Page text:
I have realized that like most users of Wikipedia, I do a lot of Wikipedia page-hopping [1]. Wikipedia is sort of addictive that way. You start reading about a piece of Flamenco music and after twenty minutes find yourself staring at the page about ETA, a Basque nationalist organization. So I decided to figure out how I exactly do I get lost in the huge list of interconnected articles. I use Chromium, and it stores its history in a SQLite3 database file. I wrote a small Ruby script that parses the history, splits them to chunks of articles accessed per day, and filter only Wikipedia links from this.

This is basically what I had to do:

  • Query the db for the last visit time and URLs.

  • Chromium (and Google Chrome) stores timestamps of page visits in a not so obvious format. They basically store time stamps as the number of micro seconds expired since Jan 01, 1601

  • Splitting the URLs into chunks accessed per day involved calculating the number of micro-seconds in a day and splitting the URLs based on this. Ruby’s Array#group_by is really handy here.

  • Analysis of the URLs involves filtering only the URLs that contain “wikipedia”

  • There is a caveat here, as redirects to Wikipedia from both Google and Facebook contain the string “wikipedia” in their URLs. These need to be filtered out.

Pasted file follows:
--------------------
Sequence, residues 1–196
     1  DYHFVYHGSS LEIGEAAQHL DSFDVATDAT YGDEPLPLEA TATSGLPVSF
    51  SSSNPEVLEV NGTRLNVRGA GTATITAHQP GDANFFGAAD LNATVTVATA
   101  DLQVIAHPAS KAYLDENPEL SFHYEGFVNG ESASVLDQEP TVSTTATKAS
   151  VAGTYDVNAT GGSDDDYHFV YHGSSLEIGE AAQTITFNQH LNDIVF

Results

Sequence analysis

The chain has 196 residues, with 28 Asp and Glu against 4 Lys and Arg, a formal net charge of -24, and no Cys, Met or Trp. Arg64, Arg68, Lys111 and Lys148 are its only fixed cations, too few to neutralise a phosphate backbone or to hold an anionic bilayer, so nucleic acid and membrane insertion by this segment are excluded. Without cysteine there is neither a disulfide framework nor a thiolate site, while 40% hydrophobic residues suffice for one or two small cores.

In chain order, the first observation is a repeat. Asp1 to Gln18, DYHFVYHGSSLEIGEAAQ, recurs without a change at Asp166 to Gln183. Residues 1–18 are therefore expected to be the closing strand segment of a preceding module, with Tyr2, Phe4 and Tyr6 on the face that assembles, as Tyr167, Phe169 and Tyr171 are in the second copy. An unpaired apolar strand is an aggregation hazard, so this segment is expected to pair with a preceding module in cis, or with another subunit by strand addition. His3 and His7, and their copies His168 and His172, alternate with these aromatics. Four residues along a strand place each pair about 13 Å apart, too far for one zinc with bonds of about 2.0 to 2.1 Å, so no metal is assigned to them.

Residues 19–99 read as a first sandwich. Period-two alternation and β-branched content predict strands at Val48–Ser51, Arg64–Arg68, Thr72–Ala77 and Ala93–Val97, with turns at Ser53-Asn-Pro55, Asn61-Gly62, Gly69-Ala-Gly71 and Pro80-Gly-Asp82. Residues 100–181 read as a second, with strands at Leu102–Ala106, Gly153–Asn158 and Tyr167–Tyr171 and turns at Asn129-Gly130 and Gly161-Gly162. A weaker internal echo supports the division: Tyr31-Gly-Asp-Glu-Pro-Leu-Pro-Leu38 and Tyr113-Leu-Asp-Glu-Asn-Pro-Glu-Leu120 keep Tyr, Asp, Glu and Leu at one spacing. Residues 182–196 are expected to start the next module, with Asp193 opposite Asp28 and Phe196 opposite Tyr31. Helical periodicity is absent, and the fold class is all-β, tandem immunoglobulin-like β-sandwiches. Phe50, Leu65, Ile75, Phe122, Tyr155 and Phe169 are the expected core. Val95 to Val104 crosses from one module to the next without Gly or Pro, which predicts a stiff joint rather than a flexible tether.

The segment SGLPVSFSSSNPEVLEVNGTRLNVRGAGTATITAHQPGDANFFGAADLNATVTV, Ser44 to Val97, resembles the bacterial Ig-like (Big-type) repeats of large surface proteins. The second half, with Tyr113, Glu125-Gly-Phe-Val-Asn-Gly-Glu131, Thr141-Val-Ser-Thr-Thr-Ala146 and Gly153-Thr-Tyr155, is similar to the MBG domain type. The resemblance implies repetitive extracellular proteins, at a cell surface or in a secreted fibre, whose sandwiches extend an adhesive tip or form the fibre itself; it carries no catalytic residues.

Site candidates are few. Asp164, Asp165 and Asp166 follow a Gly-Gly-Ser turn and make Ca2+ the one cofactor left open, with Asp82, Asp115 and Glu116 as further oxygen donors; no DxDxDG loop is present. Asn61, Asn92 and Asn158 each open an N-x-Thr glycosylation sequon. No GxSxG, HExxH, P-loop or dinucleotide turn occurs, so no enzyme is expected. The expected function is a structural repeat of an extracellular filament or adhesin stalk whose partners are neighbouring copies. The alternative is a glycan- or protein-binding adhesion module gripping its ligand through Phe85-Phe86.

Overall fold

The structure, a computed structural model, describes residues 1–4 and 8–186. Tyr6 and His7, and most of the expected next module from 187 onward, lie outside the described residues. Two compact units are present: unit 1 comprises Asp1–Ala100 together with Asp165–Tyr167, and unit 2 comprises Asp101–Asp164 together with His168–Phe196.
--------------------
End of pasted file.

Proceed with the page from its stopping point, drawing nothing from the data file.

The analysis of my Wikipedia history showed me some interesting things. For example, when I was reading Michael J. Arlen’s Passage to Ararat, I spent a lot of time on Wikipedia, hopping between pages about Armenian history and culture. This is what the list of Wikipedia pages on that day look like:

http://en.wikipedia.org/wiki/TRS-80
http://en.wikipedia.org/wiki/Aunt_Sally
http://en.wikipedia.org/wiki/Pai
http://en.wikipedia.org/wiki/Pai_(surname)
http://en.wikipedia.org/wiki/Gowd_Saraswat_Brahmins
http://en.wikipedia.org/wiki/Girish_Karnad
http://en.wikipedia.org/wiki/Konkani_people
http://en.wikipedia.org/wiki/Roots_(book)
http://en.wikipedia.org/wiki/Mountains_of_Ararat
http://en.wikipedia.org/wiki/Armenian_Highland